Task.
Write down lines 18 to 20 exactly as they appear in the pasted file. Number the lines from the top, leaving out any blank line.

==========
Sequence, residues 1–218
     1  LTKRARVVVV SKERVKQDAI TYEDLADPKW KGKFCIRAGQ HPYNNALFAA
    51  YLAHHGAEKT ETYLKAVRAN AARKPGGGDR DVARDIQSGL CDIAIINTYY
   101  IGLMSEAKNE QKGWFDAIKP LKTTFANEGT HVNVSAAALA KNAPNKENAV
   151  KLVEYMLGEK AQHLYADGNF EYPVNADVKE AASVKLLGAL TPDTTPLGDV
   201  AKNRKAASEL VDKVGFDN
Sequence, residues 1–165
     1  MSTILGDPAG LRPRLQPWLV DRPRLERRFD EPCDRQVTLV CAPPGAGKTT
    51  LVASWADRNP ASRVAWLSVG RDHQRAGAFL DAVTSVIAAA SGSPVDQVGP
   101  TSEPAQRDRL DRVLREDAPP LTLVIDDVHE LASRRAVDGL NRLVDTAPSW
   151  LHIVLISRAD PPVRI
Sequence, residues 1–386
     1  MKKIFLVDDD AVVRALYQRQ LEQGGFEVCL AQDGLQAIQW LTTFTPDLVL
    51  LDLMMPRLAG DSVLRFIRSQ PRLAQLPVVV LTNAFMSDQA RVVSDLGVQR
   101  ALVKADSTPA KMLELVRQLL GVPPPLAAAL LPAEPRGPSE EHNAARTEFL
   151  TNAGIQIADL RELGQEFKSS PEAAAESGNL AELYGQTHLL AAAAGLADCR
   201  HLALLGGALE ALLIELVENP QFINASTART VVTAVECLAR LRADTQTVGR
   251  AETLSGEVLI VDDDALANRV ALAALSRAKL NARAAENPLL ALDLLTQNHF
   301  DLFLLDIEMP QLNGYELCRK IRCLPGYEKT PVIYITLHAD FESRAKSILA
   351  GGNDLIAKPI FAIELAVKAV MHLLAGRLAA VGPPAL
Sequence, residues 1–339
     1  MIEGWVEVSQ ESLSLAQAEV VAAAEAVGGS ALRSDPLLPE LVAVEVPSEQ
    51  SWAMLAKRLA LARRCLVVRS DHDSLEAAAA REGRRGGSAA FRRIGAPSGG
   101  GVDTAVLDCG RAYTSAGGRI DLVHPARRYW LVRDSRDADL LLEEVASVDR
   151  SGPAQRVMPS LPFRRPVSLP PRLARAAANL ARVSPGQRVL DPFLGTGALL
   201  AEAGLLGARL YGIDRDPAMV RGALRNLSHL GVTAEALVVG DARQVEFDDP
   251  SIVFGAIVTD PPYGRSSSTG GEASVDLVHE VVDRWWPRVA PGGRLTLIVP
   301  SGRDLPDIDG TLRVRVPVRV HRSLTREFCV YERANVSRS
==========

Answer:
   251  AETLSGEVLI VDDDALANRV ALAALSRAKL NARAAENPLL ALDLLTQNHF
   301  DLFLLDIEMP QLNGYELCRK IRCLPGYEKT PVIYITLHAD FESRAKSILA
   351  GGNDLIAKPI FAIELAVKAV MHLLAGRLAA VGPPAL